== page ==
There are three complete texts of Robert Bridges' sonnet sequence, the Growth of Love:
1876 - 24 sonnets
1889 - 79 sonnets
1898 - 69 sonnets
The best known version is the third, which is the subject of the present recording.
The title of the work is a little misleading, as it suggests a process of development, a deepening understanding, by which one arrives at a more comprehensive appreciation of the mysterious entity which we call love. In fact, Bridge's journey is a meandering, rather than a goal-oriented path. Each sonnet is a window through which the poet gazes at one of the multifarious aspects of a quintessential numinosity which will always escape definition. Bridge's approach is one of gentle and courteous appreciation, observational rather than meditative, and completely free from the feeling of striving for salvation or apotheosis.
The Growth of Love contains no dogma and little argument. For Bridges, God's love to win is easy but only becomes fully realized in the reciprocal appreciation by man. Like Wordsworth, and unlike Bridges' great contemporary and friend, Gerard Manley Hopkins, Bridges seems to have enjoyed a continuing awareness of the Divine presence, an experience completely satisfactory in itself, free from striving and productive of a transcendent calm.
Bridges' verse is smooth and mellifluous, constructed with discreet and meticulous skill, but completely void of virtuosity. However, the unspectacular appearance of Bridges' work tends to conceal the provocative nature of his essential thesis. A comparison between the work of Hopkins and that of Bridges, with regard to their religious views is very revealing. Hopkins, the poetic virtuoso and the radical reconstructor of metre, is backward-looking in his religiosity: like the medieval saint he tortures himself in the struggle to reconcile himself to a God who refuses to be anthropomorphized. Bridges, on the other hand, allows himself to be satisfied with whatever falls from the hand of God: he seeks no justification, no glory and no finality of bliss. He describes the state that he most desires in Sonnet 38: I would have life - thou saidst - all as this day,
Simple enjoyment calm in its excess,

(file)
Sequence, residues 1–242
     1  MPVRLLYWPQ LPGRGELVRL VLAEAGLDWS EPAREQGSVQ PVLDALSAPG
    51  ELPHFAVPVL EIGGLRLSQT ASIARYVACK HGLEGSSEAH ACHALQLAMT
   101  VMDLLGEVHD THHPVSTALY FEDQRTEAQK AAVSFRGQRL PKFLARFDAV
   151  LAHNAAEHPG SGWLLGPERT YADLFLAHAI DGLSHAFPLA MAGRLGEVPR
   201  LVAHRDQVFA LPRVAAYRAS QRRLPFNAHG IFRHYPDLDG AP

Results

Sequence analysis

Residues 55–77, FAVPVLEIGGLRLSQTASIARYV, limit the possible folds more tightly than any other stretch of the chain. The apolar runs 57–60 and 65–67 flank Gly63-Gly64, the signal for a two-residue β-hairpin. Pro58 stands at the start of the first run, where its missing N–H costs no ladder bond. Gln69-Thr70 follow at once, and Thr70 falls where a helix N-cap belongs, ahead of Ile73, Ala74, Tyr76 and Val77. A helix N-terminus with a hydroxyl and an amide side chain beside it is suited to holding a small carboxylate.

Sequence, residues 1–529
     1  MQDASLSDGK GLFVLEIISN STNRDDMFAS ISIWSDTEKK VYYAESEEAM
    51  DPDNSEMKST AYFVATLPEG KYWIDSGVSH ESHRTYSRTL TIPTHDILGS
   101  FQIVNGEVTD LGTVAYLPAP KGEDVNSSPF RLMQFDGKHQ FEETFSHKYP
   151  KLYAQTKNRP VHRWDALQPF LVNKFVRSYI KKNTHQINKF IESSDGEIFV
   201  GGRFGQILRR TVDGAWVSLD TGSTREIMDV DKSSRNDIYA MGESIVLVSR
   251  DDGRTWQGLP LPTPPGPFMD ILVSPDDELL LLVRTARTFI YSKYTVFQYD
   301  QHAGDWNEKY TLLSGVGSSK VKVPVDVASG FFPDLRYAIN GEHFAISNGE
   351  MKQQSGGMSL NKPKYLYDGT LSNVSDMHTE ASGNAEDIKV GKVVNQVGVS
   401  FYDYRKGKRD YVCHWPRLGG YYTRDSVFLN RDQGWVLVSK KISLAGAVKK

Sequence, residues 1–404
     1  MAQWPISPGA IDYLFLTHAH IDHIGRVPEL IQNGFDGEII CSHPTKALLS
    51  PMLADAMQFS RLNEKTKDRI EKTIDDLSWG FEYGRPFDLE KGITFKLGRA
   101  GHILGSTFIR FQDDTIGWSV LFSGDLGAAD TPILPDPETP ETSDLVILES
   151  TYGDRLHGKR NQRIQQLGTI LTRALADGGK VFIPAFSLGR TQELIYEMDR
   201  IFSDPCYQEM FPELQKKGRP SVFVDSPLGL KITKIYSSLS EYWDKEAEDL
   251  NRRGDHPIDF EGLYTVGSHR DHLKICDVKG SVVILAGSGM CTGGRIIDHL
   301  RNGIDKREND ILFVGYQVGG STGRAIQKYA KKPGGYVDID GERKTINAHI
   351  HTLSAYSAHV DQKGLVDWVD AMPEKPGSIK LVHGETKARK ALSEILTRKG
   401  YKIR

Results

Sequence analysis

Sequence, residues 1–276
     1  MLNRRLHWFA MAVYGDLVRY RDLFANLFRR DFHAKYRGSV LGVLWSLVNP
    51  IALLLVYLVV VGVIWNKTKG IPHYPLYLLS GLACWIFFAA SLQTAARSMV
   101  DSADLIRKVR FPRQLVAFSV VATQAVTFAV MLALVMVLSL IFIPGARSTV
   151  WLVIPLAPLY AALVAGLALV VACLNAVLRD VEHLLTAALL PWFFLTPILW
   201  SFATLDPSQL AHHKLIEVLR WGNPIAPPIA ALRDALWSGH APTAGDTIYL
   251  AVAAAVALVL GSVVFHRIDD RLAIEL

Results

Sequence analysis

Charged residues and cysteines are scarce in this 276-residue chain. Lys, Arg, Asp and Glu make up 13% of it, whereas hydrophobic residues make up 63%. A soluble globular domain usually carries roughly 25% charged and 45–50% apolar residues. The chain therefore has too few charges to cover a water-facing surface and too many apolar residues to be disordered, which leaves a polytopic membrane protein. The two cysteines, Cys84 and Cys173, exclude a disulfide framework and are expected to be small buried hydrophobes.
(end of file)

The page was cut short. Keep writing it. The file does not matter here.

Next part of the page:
With not a grief to cloud, and not a ray
Of passion overhot my peace to oppress;
With no ambition to reproach delay,
Nor rapture to disturb its happiness.
Ironically, Bridges' view, with its sublime disregard for the trammels of organized religion, is the truly radical one. By contrast, Hopkins uses avant garde methods to articulate a personal spiritual struggle, analogous to those described endured and described by Origen, Augustine of Hippo, Peter Abelard and Pascal. Bridges has moved beyond the sense of despair, futility, and even tragedy, to a clear state of non-expectant appreciation.
This is not to say that Bridges does not touch darker themes. The bleak chill of Winter and the pangs of loneliness can be found in some of the sonnets and Bridges makes many frank admissions of what he feels to be his personal shortcomings. However, the collection is permeated overall with the breath of the seraph rather than the howl of the demon. Like Omar Khayyam, Bridges has realized that a human life is a brief episode in a world of wonders, some terrible but many beautiful.
The final sonnet is an elegant reworking of the Lord's Prayer, in which the poet asks God to: Perfect Thy kingdom in our passing state
and urges the Divine to forget rather than forgive man's iniquity. Comfort from the terrors of existence is sought, and the poet leaves us with no final revelation or admonition but with an unspoken suggestion that we ourselves seek out this abode of eternal serenity.
My initial intention was to record this series in short segments, five or six sonnets each day. However, Bridges' verse was so seductive that I found it impossible to limit myself to such a meagre allowance. In spite of the apparent evenness of Bridges' prosody, there was never a sense of dullness or satiation. Reading this collection was somewhat like watching the ocean: a universal consistency made fascinating by an infinity of detail. I hope that listeners likewise will find joy in mining the riches of this neglected collection.
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